They gave each kid a Barbie and a doll with real proportions. What they say next really says it all.

¡]02051707¡^--SHANTOU, May 17, 2002 (Xinhua) --Workers dress for dolls at the Yiewei Arts and Crafts Company in Chenghai City in south China's Guangdong Province May 17, 2002. The city puts production of toys and handicrafts as a pillar industry which earned some 7 billion yuan(US$875 million) in 2001. (Xinhua Photo/Zhang Yiwen)

Of course my fear is that she’ll want a Little Mermaid costume made in some sweatshop by Vietnamese orphans and know how to sing “Someday My Prince Will Come” instead of Sleater-Kinney’s “I Wanna Be Your Joey Ramone.” Do I honor her choice? Or do I take her to a basketball game instead (explaining that some of the players are wife-beaters)? I really have no idea in a consumerist society like ours how to avoid these moral landmines that are set in front of our children, especially our girls. No answers yet. Stay tuned.

EDIT: Thanks to my cousin Jennifer for turning me on to Take a look at this link below!

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3 thoughts on “Toys in the Attic

  1. Luckily, you are in control of what comes into your house for the next few years. In the meantime, she will learn by example. G is 10, and he checks to see where things are made because he’s seen me doing it and talking about it his whole life. I won’t say that it means he immediately casts aside his desires for things made outside the US, but it gives him pause for thought, and that’s all I can ask for at his age.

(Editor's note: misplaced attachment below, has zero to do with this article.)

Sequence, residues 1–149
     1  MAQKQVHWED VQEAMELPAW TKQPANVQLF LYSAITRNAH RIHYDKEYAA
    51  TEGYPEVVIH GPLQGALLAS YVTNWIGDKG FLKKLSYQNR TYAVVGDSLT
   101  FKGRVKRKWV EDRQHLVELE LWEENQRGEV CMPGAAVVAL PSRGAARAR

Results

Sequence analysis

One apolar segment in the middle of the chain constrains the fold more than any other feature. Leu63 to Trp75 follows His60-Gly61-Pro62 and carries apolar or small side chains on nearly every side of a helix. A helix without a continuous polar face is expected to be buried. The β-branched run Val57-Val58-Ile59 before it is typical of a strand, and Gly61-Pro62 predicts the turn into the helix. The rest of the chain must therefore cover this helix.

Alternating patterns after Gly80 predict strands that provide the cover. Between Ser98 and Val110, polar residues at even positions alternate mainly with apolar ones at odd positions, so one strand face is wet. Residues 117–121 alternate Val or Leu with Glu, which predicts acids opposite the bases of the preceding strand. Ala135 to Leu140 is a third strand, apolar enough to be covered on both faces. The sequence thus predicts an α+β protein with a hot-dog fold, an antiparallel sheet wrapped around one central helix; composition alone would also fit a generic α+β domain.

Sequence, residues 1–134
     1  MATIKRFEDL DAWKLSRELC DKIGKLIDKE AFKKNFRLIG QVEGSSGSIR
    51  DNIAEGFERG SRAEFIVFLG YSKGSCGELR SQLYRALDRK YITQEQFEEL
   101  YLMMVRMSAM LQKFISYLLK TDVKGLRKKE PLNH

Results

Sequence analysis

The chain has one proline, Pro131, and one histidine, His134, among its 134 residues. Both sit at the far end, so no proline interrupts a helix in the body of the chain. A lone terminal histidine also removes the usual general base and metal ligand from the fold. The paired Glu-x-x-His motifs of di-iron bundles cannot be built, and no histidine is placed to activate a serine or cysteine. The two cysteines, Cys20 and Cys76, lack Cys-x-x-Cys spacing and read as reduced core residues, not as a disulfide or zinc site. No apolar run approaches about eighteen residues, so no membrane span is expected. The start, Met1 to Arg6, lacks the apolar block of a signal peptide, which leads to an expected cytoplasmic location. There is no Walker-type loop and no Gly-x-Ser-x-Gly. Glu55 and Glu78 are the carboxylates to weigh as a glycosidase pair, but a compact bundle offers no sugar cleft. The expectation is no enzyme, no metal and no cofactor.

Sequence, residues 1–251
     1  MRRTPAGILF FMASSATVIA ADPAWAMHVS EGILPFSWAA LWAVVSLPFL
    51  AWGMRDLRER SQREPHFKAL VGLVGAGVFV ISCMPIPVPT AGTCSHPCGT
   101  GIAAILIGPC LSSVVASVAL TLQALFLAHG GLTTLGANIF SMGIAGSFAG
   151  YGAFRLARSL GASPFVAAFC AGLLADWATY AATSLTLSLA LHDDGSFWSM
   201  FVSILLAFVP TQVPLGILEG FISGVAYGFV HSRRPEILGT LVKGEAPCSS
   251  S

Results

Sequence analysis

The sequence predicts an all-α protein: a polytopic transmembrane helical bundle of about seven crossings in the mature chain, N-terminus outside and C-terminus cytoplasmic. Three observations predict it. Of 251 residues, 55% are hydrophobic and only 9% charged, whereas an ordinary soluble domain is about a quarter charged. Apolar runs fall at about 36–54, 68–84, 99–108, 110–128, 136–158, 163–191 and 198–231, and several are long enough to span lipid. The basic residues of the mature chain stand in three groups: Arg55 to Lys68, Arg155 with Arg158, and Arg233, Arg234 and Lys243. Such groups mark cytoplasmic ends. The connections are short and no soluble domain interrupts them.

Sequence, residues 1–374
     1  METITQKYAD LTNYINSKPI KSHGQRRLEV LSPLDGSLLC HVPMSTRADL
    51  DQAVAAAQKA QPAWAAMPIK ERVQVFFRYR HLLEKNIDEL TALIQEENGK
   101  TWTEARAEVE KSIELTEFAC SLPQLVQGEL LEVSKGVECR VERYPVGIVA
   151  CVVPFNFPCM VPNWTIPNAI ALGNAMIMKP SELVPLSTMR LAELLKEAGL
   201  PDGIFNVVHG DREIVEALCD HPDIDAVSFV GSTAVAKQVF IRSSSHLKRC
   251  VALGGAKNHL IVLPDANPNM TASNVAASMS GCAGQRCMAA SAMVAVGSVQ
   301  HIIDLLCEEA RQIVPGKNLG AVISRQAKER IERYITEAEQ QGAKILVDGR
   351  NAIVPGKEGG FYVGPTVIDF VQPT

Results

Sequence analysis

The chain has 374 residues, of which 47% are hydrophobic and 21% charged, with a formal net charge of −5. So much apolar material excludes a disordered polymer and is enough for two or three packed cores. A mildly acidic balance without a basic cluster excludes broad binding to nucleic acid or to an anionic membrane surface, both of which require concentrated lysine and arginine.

It’s scary how much influence parents have on their children, for better or for worse. I deliberately fostered an appreciation for those toys that I felt were appropriate, and steered him away from the things I thought were not. That’s not to say that he only wants to play with wooden blocks lovingly hand-carved by elves in the woods of Maine. And I’m not saying that I haven’t been swayed by sincere wishes for plastic stuff that I thought was crap, but that brought him a great deal of happiness (a storm trooper helmet – and I blame myself for letting him watch Star Wars). You have to find a balance and pick your battles.

    You get off easy this year – all Cozy wants are hugs and kisses.


  2. My only unsolicited advice to offer, as I have seemingly raised my kids without gender bias (or atleast as little as I could be conscientious and conscious of….) is that rather than offering Cozy strictly gender neutral things, once she is old enough to show preference to anything or interest in anything, cater to THAT not her gender. 🙂 You are an awesome dad and will become ever more awesome. She will surprise you. Roll with it.


  3. Great topic! I don’t know why it didn’t show up in my feed until months later….oh well.

    What jumped out at me was *if she wants to bake, I’ll get her a chef’s hat and a Gordon Ramsay DVD* Why a male chef? Why Gordon Ramsay – he’s a verbally abusive jerk. Why not Julia Child? She was badass! She broke the barrier at le Cordon Bleu, cooked like a dream, and was always generous with her guest chefs – encouraging them, and learning from them